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Scripps Research Director Weighs In On Vaccines, Boosters And The Fourth Wave

In this March 2021 photo provided by Pfizer, vials of the Pfizer-BioNTech COVID-19 vaccine are prepared for packaging at the company’s facility in Puurs, Belgium.
Associated Press
In this March 2021 photo provided by Pfizer, vials of the Pfizer-BioNTech COVID-19 vaccine are prepared for packaging at the company’s facility in Puurs, Belgium.
As public health leaders continue to emphasize the important of vaccination in fighting the nation's ongoing COVID surge, many Americans are left with questions about the future efficacy of available vaccines.

Johnson & Johnson on Wednesday announced findings that booster doses of their one-shot coronavirus vaccine would provide a significant boost in immunity to recipients. This comes only days after FDA approval was granted for the Pfizer-BioNTech vaccine and only a week after leading health officials announced plans to deliver booster shots of the Pfizer and Moderna vaccines to all Americans. As the nation continues to grapple with its fourth wave of the virus, many are left with questions about the vaccines, the status of their approval and their long-term efficacy.

Dr. Eric Topol, director of the Scripps Research Translational Institute in La Jolla, joined Midday Edition on Wednesday to answer those questions.

Q: FDA approval was granted for the Pfizer vaccine just days ago. You've been critical of how long it's taken for this approval process to play out. What's your reaction to this news?

A: I'm certainly gratified that it did get approved and it will help considerably. The only issue was the approval, had it come in late May or June, which was certainly possible, it would have done so much more to prevent the toll of the delta waves that we are now experiencing. So it will lead to, and it already has, a lot more mandates by companies and schools and universities, municipalities, health systems, everywhere across the board, but had that occurred many weeks ago, it would have been even more helpful.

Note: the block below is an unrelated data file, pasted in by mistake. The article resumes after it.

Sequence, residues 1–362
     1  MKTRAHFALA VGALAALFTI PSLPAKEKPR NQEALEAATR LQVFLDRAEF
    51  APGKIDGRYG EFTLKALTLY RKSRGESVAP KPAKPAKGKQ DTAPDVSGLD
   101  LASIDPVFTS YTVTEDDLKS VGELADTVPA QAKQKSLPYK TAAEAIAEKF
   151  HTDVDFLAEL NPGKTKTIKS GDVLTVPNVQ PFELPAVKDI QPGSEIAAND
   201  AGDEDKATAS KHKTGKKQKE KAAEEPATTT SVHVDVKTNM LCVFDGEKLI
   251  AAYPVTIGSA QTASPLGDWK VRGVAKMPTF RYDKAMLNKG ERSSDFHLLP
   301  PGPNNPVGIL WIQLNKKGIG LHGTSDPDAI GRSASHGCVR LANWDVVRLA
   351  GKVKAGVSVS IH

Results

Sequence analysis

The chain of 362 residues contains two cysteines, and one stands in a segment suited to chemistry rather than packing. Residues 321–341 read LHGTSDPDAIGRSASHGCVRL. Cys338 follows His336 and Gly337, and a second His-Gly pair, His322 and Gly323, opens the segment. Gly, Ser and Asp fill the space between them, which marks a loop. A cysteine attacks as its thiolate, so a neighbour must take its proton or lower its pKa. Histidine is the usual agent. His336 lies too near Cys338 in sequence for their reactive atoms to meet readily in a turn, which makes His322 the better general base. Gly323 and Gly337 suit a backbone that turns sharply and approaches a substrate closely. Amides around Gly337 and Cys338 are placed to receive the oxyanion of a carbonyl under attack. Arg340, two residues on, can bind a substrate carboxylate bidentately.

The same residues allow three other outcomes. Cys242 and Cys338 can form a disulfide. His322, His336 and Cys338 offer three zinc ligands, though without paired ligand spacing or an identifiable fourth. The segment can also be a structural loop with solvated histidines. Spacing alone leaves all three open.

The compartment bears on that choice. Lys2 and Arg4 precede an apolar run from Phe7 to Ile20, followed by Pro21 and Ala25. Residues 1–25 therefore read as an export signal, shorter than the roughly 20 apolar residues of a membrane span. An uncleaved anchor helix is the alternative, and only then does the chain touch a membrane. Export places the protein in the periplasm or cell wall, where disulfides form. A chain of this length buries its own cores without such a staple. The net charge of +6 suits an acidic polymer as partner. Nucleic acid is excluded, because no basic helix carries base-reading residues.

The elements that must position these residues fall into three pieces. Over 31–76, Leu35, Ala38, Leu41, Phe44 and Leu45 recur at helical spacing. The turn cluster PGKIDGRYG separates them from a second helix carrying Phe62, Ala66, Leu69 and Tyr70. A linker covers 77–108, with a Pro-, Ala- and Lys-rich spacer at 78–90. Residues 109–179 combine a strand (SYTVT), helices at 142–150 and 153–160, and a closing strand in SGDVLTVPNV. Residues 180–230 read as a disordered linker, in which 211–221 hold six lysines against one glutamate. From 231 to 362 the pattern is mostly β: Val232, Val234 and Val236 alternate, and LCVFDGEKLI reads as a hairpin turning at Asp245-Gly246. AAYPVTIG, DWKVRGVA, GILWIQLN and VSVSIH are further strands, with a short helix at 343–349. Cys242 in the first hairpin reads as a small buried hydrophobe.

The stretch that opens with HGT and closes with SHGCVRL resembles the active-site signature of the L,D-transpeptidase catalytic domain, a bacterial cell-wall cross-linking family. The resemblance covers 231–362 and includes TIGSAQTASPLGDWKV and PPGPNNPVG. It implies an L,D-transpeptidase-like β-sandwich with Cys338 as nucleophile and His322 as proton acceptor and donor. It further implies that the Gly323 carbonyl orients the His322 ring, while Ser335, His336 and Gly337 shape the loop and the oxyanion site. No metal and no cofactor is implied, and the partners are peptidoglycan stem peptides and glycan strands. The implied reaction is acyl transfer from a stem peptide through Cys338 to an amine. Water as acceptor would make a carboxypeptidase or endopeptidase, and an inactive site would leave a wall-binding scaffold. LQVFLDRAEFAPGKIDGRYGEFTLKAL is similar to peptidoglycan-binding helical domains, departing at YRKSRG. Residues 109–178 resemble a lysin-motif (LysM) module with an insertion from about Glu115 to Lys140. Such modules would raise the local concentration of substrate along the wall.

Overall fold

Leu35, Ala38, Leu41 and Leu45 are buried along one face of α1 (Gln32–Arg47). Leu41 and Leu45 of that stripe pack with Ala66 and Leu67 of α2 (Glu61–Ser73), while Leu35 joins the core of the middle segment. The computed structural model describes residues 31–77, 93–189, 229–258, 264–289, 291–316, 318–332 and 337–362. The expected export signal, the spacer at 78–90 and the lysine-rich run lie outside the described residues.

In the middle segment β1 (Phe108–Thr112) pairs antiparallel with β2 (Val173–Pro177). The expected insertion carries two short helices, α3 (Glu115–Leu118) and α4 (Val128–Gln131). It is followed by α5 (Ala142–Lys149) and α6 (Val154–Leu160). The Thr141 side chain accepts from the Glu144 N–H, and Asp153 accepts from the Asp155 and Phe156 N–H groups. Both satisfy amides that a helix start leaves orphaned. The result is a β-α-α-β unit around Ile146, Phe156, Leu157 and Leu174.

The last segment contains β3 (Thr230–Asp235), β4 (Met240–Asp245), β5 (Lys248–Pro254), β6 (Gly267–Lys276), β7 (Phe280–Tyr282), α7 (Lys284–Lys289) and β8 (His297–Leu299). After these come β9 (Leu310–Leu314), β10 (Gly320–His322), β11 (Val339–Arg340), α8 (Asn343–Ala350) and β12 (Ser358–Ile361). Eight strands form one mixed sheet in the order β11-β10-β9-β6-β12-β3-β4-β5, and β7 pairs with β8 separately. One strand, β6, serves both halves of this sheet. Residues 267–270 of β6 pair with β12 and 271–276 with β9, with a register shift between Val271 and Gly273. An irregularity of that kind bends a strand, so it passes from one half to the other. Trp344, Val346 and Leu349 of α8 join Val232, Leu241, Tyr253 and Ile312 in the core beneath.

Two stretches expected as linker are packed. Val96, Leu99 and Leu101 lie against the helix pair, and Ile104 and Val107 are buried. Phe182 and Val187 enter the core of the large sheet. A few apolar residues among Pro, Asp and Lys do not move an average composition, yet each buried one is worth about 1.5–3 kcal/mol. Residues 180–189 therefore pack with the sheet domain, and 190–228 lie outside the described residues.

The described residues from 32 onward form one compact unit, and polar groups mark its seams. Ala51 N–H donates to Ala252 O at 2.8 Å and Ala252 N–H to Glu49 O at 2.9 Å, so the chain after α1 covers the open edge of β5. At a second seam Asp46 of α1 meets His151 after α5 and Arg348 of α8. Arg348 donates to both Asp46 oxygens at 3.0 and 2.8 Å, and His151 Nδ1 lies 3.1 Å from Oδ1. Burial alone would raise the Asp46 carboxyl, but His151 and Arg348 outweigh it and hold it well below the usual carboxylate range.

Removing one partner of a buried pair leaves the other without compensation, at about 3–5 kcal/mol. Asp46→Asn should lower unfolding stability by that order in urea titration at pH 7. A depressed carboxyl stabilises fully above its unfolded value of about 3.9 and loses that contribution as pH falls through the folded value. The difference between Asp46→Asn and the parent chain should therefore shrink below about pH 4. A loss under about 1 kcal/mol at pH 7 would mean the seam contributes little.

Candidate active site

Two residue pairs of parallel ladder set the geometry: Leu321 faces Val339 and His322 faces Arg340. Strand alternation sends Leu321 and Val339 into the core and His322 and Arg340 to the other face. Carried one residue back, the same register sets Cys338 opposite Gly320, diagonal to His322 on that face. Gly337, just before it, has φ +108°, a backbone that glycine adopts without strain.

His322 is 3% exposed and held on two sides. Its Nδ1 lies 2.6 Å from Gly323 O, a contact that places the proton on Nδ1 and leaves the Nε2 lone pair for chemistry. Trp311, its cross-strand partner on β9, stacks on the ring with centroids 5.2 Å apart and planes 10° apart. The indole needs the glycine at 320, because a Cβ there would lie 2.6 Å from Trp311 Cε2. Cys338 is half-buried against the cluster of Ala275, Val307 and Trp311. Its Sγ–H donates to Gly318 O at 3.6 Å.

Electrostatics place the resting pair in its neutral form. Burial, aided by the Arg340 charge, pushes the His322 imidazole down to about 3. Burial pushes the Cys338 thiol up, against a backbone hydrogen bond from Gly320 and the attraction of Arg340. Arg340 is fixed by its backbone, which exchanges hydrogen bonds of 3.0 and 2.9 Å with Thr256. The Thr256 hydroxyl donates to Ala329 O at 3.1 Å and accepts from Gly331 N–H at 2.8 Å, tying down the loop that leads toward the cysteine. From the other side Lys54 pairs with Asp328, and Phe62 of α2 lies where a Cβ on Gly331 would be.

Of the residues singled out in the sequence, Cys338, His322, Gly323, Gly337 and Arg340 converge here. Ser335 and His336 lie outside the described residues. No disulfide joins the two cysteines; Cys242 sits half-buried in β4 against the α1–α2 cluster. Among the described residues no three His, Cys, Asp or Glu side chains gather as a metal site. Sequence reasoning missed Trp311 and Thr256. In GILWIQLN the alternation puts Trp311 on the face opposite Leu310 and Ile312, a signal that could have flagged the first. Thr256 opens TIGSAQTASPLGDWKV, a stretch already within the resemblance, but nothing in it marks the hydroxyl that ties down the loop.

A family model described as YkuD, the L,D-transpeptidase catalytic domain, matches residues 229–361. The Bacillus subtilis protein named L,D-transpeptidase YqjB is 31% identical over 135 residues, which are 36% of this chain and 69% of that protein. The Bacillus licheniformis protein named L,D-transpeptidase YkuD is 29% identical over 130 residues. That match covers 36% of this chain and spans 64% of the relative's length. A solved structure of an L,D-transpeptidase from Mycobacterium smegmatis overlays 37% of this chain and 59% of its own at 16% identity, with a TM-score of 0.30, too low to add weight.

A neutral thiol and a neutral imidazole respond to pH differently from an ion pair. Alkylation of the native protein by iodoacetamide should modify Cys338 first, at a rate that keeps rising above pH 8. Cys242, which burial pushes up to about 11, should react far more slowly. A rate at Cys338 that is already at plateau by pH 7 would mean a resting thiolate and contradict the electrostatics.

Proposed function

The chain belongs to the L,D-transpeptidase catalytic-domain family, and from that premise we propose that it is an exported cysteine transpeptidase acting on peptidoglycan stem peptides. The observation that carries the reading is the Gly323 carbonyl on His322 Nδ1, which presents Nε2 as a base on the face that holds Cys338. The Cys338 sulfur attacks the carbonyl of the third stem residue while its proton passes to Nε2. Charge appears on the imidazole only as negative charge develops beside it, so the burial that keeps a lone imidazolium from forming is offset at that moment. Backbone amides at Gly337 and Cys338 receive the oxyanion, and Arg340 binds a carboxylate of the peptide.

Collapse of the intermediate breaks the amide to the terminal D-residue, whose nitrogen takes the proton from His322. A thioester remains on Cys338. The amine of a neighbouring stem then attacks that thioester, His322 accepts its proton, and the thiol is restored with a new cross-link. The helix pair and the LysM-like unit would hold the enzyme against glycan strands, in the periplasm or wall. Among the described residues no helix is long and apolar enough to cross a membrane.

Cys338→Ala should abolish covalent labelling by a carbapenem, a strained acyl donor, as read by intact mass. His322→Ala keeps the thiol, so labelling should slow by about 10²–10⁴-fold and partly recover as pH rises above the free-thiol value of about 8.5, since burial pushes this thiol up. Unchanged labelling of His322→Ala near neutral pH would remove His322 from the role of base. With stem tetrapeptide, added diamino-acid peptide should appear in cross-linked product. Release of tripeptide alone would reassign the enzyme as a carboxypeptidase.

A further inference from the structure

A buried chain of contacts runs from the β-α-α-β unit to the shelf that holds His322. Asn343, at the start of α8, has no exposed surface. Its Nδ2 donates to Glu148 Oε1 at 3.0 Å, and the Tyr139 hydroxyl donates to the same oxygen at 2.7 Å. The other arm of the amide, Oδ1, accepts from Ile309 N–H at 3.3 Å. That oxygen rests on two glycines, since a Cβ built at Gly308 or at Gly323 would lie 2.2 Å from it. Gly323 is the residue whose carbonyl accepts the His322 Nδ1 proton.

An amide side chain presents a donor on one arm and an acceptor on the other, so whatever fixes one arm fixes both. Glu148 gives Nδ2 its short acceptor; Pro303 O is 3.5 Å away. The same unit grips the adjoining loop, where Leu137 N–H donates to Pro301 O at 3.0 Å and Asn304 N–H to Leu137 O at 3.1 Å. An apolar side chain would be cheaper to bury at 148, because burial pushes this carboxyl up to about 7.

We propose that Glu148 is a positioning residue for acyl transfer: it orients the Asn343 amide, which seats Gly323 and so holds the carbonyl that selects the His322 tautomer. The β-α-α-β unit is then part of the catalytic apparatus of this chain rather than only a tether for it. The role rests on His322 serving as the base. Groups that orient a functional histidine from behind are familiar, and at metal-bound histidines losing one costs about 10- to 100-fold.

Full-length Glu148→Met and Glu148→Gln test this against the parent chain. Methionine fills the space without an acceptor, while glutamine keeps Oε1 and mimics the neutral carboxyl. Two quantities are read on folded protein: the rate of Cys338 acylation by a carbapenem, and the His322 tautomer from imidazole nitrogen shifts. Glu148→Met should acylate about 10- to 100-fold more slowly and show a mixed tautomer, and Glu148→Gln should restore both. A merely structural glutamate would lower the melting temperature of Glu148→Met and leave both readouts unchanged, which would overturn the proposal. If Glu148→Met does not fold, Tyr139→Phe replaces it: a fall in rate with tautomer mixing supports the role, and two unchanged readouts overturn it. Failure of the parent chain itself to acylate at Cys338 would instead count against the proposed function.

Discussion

Plus, we know that many people were holding out for getting the vaccination to make sure that it was past this so-called emergency authorization and had been given the full FDA go-ahead. So there will be many individuals ... who will now go on to get vaccinated, which is great.

Q: Can you explain in layman's terms how efficacy for a vaccine can wane over time and why boosters would be necessary?

A: Before delta, there was little evidence of this waning issue, but what happened with this delta strain is that it's so much more formidable. It's not just more contagious, but it's challenged the vaccines. It's the antibody waning problem with delta specifically over time that starts at around five or six months, but still protection that's quite strong against hospitalization or various severe illness because of the originally induced cellular response against the virus.

Q: We have a sense of how the vaccines administered in this country wane over time, but what about the vaccines elsewhere? What is data showing around the globe?

A: Well, it's interesting. This problem of the waning immunity has first shown up in Israel because they were the earliest country to get to high-level vaccination, but we are seeing it not just with the Pfizer and Moderna, also with AstraZeneca, and I suspect because of delta we will see it across the board. But the studies of large numbers of people past six months are just starting to come in in recent weeks. And the delta wave, of course, just started here in July, so we're just getting our hands on the data.

Unfortunately, in the United States, we don't have national data, so we have to rely on San Diego County, LA County, and other county and city reports, which is really unfortunate because we could do so much better if we had national data to be tracking.